Three Edinburgh born diplomats will celebrate Burns Night on a huge virtual Burns Supper organised for the Foreign, Commonwealth and Development Office (FCDO) staff all over the world.

Civil servants Tamsin Heath, Matthew Preston and Piers Strudwick will lead the FCDO’s celebrations online. All 17,300 staff have been invited to the massive Teams meeting.

Tamsin is Acting Consul General for Hong Kong. She said: “Here in Hong Kong there is a very large Scottish community. We would normally be having lots of Burns Suppers across the city but unfortunately not this year, but like lots of Scots here I will be having haggis and raising a glass to Robbie Burns.”

Tamsin Heath

Matthew is based at the UK Embassy in Berlin, Germany. He said: “Burns Night is celebrated around the world by Scottish people and their friends. 

“My favourite Robert Burns poem is To A Mouse. It’s ahead of its time because it’s actually quite environmental if you think about it. It’s about Robert Burns the farmer upsetting a mouse in its natural habitat.”

Matthew Preston

Piers is defence attaché to the UK’s Embassy in Ankara, Turkey. He said: “For me the connections between Scotland and Turkey are our wonderful culture, the fact we’re both steeped in history, and the splendid hospitality which we show to our friends.

“This year Burns Night is going to be different but I’m looking forward to celebrating it with my friends online with wonderful recitals of poems celebrating the great bard.”

Piers Strudwick

Scots who work for the UK Government will beam in from countries including Bahrain, Chile, China, Germany, Iceland, Ireland, Kazakhstan, Malaysia, Mauritius, Pakistan, Peru, Tunisia, and Turkey to the virtual Burns Supper.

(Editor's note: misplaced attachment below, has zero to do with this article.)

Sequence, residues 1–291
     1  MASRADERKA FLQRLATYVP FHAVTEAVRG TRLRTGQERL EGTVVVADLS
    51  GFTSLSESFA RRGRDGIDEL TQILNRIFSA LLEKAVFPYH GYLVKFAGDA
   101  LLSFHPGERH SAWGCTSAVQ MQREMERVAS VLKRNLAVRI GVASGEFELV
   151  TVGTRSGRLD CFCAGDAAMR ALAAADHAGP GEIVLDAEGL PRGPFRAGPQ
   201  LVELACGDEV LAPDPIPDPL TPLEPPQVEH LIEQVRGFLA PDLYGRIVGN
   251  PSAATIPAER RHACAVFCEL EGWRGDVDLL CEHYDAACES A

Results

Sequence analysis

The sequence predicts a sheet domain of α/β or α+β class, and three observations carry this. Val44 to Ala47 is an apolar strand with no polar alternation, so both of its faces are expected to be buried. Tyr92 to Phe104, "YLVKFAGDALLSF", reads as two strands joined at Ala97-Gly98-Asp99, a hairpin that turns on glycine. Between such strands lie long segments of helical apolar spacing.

Foreign Office Minister Wendy Morton said: “Scots are at the very heart of helping FCDO be a force for good around the world and staff were keen to pay tribute to Robert Burns despite Covid-19.

“Lockdown restrictions might mean that the many Burns Suppers our Embassies usually organise around the world to help showcase Scotland cannot happen this year, but that isn’t stopping us from celebrating.

“Robert Burns was very much an internationalist, so I’m sure he would have approved of the UK government bringing the COP26 climate change summit to Glasgow, and our work promoting human rights and helping the world’s poorest countries.”

Minister Wendy Morton Photo credit LAUREN HURLEY CROWN COPYRIGHT.

Other Scots who will take part include Lisa Waugh, from Glenrothes, Fife who serves as the UK’s Deputy High Commissioner in Reykjavik, Iceland. Lisa said: “I originally hail from the magnificent kingdom of Fife, but I’m based at the British Embassy in Reykjavik, Iceland.

“There’s a strong Scottish connection here in Iceland. Perhaps that’s because 62 per cent of the Icelandic maternal genetic pool is from Scots and Irish origin. 

“Because of Covid, this year’s Burns celebrations will be a more muted affair, but I’ll be commemorating the great man with a wee dram and a read of my favourite poem Tam O’Shanter.

“Alas, I’ll not be having any haggis because it’s not something that’s readily available here, despite everything else Icelanders tend to eat, so I’ll be having that other great Scottish favourite… mince ‘n’ tatties.”

Fifer Neil Morrison, from Aberdour, works at the UK Embassy in Santiago, Chile.He said: “Burns Night will be a bit different from previous years. There will be no ceilidh, and we will be spending it at home, staying safe, looking after ourselves and others.”